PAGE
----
Plunked in Rio de Janeiro—a veritable breeding ground funky modern spreads—and built by Brazil-based architect Carla Juaçaba, this sleek little abode was built for the granddaughter of another famed Brazilian architect—eccentric-design-loving Sergio Bernardes. Indeed, this so-called House Varanda was inspired by a 1950-built home by Bernardes, emulating the original rippled roof. The rest of the home is swathed in glass, with two parallel transparent walls running the length of the home—all to let inhabitants' "vision [go] beyond the house."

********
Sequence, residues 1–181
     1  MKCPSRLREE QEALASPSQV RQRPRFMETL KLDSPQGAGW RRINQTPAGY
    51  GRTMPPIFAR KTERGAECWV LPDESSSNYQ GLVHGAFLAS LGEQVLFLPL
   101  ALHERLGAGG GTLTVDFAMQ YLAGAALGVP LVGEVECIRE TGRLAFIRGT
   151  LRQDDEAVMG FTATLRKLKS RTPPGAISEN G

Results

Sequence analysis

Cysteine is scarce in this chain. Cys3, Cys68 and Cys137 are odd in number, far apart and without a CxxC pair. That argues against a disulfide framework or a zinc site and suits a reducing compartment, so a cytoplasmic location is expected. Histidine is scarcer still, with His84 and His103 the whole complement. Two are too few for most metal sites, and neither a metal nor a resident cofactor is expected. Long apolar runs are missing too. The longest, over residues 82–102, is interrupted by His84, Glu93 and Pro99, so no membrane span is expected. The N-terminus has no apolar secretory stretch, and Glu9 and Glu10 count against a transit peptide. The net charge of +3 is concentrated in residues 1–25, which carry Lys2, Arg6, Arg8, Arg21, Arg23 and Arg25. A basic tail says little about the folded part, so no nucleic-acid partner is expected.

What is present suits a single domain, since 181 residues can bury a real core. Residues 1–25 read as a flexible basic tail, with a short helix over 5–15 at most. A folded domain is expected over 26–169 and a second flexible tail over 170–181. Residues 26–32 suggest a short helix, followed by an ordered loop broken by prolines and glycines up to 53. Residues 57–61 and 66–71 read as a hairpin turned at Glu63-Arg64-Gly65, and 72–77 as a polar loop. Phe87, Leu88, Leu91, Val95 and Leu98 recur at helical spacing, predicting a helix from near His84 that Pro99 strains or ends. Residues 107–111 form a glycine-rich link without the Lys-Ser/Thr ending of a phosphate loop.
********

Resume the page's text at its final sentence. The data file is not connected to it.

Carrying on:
Two bedrooms cap either side of the place, but perhaps the coolest aspect of the home is the sprawling middle living area. Upon sliding open the doors, the space turns into something of an indoor/outdoor terrace, which is apparently "the most important place of socializing," in Brazilian culture. A skylight further opens up the home, while a steel structure—built in just 15 days and lifted about three feet off the ground to protect the house against flooding—serves as structure's skeleton. The architect insists that "what brings intimacy to that glasshouse is the immersion in nature," but still, in the case of wandering nature enthusiasts, this is probably the sort of house that should come with a bathrobe or two. Arch Daily has more photos, right this way.